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One of the main arguments that the organic critics continue to try to make is that there is no research backing up the recommendations we make. Of course, there is a wealth of research that begins with Dr. T. L. Senn at Clemson University. His studies dealt primarily with seaweed. His information and covered works with seaweed and more is covered in the Research Section of my website.


Dr. Mike in the lab.

In addition, there are more than 60,000 research papers on mycorrhizal fungi alone. Dr. Michael Amaranthus brought that up on my radio show this past Sunday. To hear the interview with Dr. Mike on Mycorrhizal Applications click here.

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Photo of mycorrhizal covered tips of a pine tree root with mycorrhizal threads attached.


Pansies on the right are treated with mycorrhizal inoculant.


These photos of the marigolds and petunias are a trial. Bottom row is without, the middle row is with Bio S.I. added and top row is Bio S.I. with mycorrhizal fungi.

Most weeds including nut sedge do not form mycorrhizae.

Many weeds come in following disturbance which knocks out the mycorrhizal fungi and allows the non mycorrhizal plants to out compete the mycorrhizal plants. many of our farmers have seen a dramatic reduction in weeds once they got their biology established back on the farm. weeds have difficulty competing with the mycorrhizal plants when mycorrhizae are present.

Some products on the market contain only one species of ectomycorrhizal fungi and no endomycorrhizal fungi at all. The one species in some products is Pisolithus tinctorius and it doesn’t do well in alkaline soils. In addition, Dr. Amaranthus has discovered a way to put the various species in dormancy in dry and liquid products. These propagules only become active when they come in contact with the exudates of roots.

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Related Article:

Arbuscular Mycorrhizae Shed New Light on Nitrogen Flow

By Christine Mlot
Now Daily News

6 August 2008

MILWAUKEE, WISCONSIN--Exactly how do nutrients such as nitrogen move through the environment? That's a key question in ecology and environmental science. The answer may be clearer thanks to a new technique that uses the light from tiny quantum dots to trace the movement of such nutrients. The technique offers a way for microbial ecologists to watch nutrient flow in real time in the field and forge clearer connections between organisms and the ecological functions they serve.

Tracking the movement of nutrients in the real world is difficult. For example, some fungi help transfer nutrients from soil to the roots of plants; to study the process, researchers typically inject a tracer, such as radioactive carbon-14, into the soil and then take a soil sample back to the laboratory, where plant roots are teased out and analyzed to see where the tracer ends up. Root-associated fungi are typically too fine to be seen, so it's been hard to pin down precisely which fungi are responsible for the nutrient transfer and how they work.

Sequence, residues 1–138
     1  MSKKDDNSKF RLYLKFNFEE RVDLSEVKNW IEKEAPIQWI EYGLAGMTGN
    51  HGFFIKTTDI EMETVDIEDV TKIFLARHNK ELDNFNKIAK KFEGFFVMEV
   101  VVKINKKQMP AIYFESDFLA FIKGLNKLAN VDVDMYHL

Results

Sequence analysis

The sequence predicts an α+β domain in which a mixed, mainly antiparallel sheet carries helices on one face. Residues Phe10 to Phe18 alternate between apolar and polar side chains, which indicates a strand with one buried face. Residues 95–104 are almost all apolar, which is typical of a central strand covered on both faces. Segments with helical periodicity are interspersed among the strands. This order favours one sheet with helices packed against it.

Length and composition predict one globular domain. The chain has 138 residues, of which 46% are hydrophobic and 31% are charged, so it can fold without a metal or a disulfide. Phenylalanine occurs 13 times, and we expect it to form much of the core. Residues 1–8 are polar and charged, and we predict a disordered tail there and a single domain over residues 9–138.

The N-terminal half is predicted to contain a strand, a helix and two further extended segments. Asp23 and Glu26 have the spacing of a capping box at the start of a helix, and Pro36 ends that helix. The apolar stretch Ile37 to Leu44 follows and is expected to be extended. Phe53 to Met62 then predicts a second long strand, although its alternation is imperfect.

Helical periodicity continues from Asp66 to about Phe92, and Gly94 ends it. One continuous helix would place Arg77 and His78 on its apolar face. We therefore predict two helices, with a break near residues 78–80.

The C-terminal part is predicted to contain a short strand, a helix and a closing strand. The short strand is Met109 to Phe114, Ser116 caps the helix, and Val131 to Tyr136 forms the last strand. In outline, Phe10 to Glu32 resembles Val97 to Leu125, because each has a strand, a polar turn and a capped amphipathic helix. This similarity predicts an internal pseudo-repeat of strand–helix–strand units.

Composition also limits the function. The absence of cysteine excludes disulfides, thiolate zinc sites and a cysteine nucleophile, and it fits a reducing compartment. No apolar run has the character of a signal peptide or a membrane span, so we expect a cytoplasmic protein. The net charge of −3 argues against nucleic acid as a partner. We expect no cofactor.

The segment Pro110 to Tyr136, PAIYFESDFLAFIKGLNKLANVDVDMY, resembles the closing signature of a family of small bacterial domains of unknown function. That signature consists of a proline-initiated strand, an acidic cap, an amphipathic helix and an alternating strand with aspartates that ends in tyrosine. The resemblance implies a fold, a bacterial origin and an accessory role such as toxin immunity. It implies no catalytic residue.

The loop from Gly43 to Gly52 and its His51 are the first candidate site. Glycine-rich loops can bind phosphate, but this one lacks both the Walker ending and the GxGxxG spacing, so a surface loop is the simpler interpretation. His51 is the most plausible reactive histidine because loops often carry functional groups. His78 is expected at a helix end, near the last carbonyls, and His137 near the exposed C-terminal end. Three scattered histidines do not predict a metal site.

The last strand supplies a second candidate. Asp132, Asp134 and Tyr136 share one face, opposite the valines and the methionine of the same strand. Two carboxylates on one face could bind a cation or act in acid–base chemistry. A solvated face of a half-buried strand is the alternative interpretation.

So microbial ecologists Matthew Whiteside and Kathleen Treseder, both of the University of California, Irvine, set out to find a way to see the nutrient flow in the soil itself. They attached nanometer-sized bits of semiconducting material called quantum dots to organic compounds.

As the fungi take in the compounds, they also take in the attached dots, which light up like little light-emitting diodes when zapped with light from an ultraviolet laser. The researchers then imaged that light with a root-level camera. Images trace how the nutrients are consumed by the microscopic fungi and moved into the associated plant. Treseder described the work here this week at the annual meeting of the Ecological Society of America.

The researchers have already used the technique to study whether root-associated fungi known as arbuscular mycorrhizae take up organic forms of nitrogen, as in amino acids, and transfer them to plants. The standard view has been that these fungi prefer inorganic forms of nitrogen, such as ammonium. But Whiteside hitched the amino acid glycine to a quantum dot and watched as the fungus absorbed the modified glycine into cell compartments called vacuoles, from which it moved into chloroplasts, the nitrogen-demanding plant structures that carry out photosynthesis. The researchers hope to apply the tool to the larger question of how the biosphere's increasing load of inorganic nitrogen from fertilizers is affecting the balance of carbon and nitrogen in soil and consequently in the atmosphere.


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